• This comment has been flagged by the community. Click here to show it
      identicon
      John Smith, 7 Jul 2018 @ 8:13am

      Re:

      Self-publishing just feeds Big Media with ideas to steal, as they marginalize those who don't have "deals with major companies." Those from whom they steal lack reputation or resources to fix the model.

      People WANT things to be a certain way, doesn't make it so. Copyright law exists for a reason; those who can't obey it are the ones who need to go, not the law.

      reply to this | link to this | view in chronology ]

      • identicon
        Anonymous Coward, 7 Jul 2018 @ 9:29am

        Re: Re:

        What is illegal about self publishing original content?

        Also, the biggest risk of self publishing works is that they languish in obscurity, but the works have a better chance of gaining and audience that they do of being accepted by one of the gate keepers.

        Big Media will steal your idea is just an excuse for not trying to see if your work will attract an audience.

        reply to this | link to this | view in chronology ]

      • icon
        Stephen T. Stone (profile), 7 Jul 2018 @ 10:02am

        Re: Re:

        How have you broken copyright today, sir? Because you likely have.

        reply to this | link to this | view in chronology ]

  • icon
    frank87 (profile), 7 Jul 2018 @ 3:24am

    game shakers...

    The Nickelodeon show "game shakers" shows the copyright utopia: "creative" people doing their their stuff and automagically becoming rich.
    Once I felt obliged to explain the children it's propaganda, but I start to like it because it shows how completely ridiculous the maximalist view is.

    reply to this | link to this | view in chronology ]

    • icon
      JoeCool (profile), 7 Jul 2018 @ 8:54am

      Re: game shakers...

      In a way, the media conglomerates are very akin to a lottery. A scant handful of "normal folk" get rich, then paraded around while trumpeting that you can too despite the odds against. It's a sucker's bet with hordes of idiots. But the people aren't (quite) as stupid anymore. The internet has done more to educate the masses than virtually all schools.

      And that's another danger the internet presents that these folks are trying desperately to shut down. If you've spent any real time here, you'll notice a large number of articles are on certain entities trying to lock up knowledge behind a wall so that only the rich and/or connected can access it.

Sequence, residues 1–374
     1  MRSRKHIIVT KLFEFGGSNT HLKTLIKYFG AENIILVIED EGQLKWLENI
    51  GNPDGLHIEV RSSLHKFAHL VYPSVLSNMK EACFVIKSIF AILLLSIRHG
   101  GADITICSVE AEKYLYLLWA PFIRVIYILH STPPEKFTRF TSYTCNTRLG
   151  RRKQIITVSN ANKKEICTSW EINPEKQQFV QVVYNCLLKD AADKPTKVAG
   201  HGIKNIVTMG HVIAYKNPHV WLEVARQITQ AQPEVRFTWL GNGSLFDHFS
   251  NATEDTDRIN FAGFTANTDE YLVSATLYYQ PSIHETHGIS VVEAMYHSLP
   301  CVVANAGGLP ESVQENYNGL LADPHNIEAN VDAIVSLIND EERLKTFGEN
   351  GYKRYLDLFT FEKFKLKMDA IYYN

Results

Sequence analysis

reply to this | link to this | view in chronology ]

  • identicon
    Anonymous Coward, 7 Jul 2018 @ 5:21am

    What about the rights of the people?

    The Fourth Amendment
    The right of the people to be secure in their persons, houses, papers, and effects,[a] against unreasonable searches and seizures, shall not be violated, and no Warrants shall issue, but upon probable cause, supported by Oath or affirmation, and particularly describing the place to be searched, and the persons or things to be seized.

    The updated Fourth Amendment for the computer age
    The right of the people to be secure in their computer all files and information against any and all searches and seizures by non-government organizations, agents, or persons against all searches , shall not be violated, and no Warrants shall issue, to a non-government under any circumstances and that the search and seizure of such information by a non-government organization is capital crime punishable by death.

    reply to this | link to this | view in chronology ]

  • This comment has been flagged by the community. Click here to show it
    identicon
    ohn Smith, 7 Jul 2018 @ 9:42am

    Years ago I complained about the internet to a cabdriver who said it was for losers. Now he protests Uber.

    Artificial scarcity? You mean like LAWYERS or DOCTORS who restrict practice with credentials in an era where people can educate themselves online? Why pay to go to a doctor's office?

    Wait until it's your paycheck the everything-wants-to-be-free crowd comes for next, and make no mistake, they will. Just asked the people who lectured about the evils of smoking while sipping a Mountain Dew as they smugly defended the cigarette taxes as in the public interest.

    "DID YOU ORDER THE CODE RED?"